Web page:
The challenge of supporting orphans in the context of hiv/alds: a case of the integrated child and youth development project in Mumbuni Location, Machakos district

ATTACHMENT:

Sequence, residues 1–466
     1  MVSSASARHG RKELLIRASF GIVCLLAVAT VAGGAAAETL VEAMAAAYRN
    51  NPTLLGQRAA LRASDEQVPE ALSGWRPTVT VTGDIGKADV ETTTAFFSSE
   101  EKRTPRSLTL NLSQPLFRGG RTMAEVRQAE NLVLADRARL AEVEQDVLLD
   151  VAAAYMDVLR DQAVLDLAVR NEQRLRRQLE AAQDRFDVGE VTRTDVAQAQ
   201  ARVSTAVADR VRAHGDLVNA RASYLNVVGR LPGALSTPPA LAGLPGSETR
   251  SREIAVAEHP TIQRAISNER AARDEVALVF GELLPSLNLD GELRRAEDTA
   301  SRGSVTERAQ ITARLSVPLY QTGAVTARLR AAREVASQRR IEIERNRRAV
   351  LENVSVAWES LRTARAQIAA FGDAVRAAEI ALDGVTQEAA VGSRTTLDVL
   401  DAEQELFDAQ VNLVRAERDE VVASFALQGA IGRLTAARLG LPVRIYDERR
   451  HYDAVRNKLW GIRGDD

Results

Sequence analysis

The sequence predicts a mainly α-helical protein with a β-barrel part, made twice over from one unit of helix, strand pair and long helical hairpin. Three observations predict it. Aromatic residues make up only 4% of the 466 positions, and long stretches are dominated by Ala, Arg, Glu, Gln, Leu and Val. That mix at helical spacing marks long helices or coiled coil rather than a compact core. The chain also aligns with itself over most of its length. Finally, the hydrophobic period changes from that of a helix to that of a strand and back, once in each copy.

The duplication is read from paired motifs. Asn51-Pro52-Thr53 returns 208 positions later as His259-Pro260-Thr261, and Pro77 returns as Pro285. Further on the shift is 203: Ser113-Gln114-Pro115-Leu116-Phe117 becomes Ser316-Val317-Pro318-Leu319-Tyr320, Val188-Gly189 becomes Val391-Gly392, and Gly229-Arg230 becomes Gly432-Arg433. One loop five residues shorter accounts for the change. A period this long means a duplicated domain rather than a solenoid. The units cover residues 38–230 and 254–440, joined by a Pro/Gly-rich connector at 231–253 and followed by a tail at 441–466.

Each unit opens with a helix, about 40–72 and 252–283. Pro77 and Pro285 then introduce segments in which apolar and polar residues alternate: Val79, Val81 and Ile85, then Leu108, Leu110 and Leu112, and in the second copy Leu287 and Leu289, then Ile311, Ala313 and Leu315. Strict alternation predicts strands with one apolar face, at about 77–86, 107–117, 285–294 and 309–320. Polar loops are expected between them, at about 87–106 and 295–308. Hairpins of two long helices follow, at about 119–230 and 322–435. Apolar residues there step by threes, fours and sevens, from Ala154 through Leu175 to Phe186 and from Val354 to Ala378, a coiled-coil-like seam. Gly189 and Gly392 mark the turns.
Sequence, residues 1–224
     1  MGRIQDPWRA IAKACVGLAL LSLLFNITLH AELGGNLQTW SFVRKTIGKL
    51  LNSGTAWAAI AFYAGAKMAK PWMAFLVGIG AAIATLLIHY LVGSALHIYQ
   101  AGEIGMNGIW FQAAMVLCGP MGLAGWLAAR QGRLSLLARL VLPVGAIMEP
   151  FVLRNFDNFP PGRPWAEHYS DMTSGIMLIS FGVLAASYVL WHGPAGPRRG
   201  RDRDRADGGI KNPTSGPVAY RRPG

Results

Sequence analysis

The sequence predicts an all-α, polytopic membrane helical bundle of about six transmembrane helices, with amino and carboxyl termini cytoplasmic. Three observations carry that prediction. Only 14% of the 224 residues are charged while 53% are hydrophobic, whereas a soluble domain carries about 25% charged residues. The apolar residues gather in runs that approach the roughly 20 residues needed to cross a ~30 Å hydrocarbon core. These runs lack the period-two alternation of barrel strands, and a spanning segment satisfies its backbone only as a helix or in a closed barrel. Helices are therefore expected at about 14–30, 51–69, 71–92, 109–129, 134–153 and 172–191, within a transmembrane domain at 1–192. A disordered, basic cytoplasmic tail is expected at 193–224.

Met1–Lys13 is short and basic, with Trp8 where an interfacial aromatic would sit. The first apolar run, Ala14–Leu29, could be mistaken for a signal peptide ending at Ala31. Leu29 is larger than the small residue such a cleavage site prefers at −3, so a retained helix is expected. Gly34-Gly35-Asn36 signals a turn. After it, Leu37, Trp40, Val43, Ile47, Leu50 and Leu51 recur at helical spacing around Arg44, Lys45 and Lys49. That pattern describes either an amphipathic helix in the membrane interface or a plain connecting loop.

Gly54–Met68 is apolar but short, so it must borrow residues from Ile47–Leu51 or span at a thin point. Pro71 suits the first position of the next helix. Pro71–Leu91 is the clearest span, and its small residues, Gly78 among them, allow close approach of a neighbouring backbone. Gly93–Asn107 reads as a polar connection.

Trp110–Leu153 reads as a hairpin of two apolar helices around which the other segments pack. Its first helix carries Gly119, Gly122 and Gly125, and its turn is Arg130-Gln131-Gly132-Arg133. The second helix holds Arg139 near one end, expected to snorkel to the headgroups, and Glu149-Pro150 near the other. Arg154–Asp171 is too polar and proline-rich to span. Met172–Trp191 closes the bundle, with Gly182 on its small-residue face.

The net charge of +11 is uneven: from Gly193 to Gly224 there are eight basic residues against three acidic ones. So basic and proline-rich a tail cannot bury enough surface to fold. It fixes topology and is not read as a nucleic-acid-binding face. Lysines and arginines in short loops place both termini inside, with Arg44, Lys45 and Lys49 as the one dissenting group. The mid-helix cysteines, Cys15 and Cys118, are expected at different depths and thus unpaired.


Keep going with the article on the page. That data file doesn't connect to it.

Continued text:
There has been a growing concern about the care of the large numbers of orphans and other vulnerable children (OVCs) resulting from the widespread HIV/AIDS pandemic. Governments and non-governmental organizations have designed different interventions to deal with the orphan crisis. Such interventions have been helpful in enabling the orphans to continue with life. This study analyzed the support provided by Integrated Child and Youth Development Project to orphans in Mumbuni Location in the context of HIVIAIDS and increased poverty. This was an evaluative study in nature and it attempted to place value on the support provided by Integrated Child and Youth Development Project to orphans. In so doing, the study sought to establish the orphans' real needs by understanding the local context within which they lived. It also sought to provide understanding about what could be the most suitable approach in addressing the needs of the orphans with an aim of improving existing policies and generating new ones for more appropriate interventions in the future. The study had four specific objectives, namely: to establish the perception of orphanhood in Mumbuni Location and how it influences the support required; to determine the needs that orphans in Mumbuni Location had and the support provided by Integrated Child and Youth Development Project in the context of HIVIAIDS; to highlight how affected families and the community were coping with increased pumbers of orphans; and to assess the appropriateness and relevance of the support provided to " orphans in Mumbuni Location by Integrated Child and Youth Development Project. The study utilized qualitative methods to best understand the experiences of the orphans, their guardians, community leaders and the project staff. Two sub-locations were purposively chosen from the five sub-locations. From the two sub-locations (Kasinga and Mung'ala), twenty orphans, twenty guardians, twelve community health workers, four community leaders and three project staff were purposively chosen, making a total of 59 respondents. The study confirmed that there was increased numbers of orphans in the location who were mostly cared for by their grandmothers. According to the study, the main challenge of supporting I orphans was inadequate conceptualization of orphanhood and orphans' needs. The study revealed a conceptual disconnect between policy and programs' definition of an orphan and that of the local community. The findings showed that the dynamics associated with HIV IAIDS led to a shifting definition of an orphan to align with the reality of the pandemic. Orphans in the location faced multiple problems and challenges which if not addressed could limit the orphans' attainment of their full potential. The study showed that the orphans' view of their needs was influenced by their level of maturity and different stakeholders viewed orphans' needs according to their relationship and responsibility towards them. Contrary to the reviewed literature which showed that orphans because of lack of primary caregivers tend to be behaviorally maladjusted, the study established that most of the orphans were well behaved and had a good relationship with their guardians. Although the support provided by the organization was limited in scale, the community was grateful and orphans who would have dropped out of school due to lack of school uniforms had remained in school. The project was able to create sufficient awareness to awaken the community leaders to the multiplicity of the problems faced by orphans and the necessity for their welfare. The project had also succeeded in providing parent figures who the orphans could easily access in times of need reducing the alienation associated with HIVIAIDS orphanhood. The study showed there was need to scale up the support so as to reach more orphans' multifaceted needs, enable them overcome anxiety, build resilience and fulfill their potential. ' Although the challenges facing orphans and guardians were serious, the study noted that this community if well organized could handle this problem without much outside support. The study recommends that subsequent interventions consider the guardians' capacity to provide care. It also recommends that support be provided to both the orphans and their guardians. In addition, NGOs and CBOs "need to adequately conceptualize the needs of the orphans and community attitudes to give appropriate and relevant support. There is need for the government to design policies that meet the health, education needs of orphans and their guardians.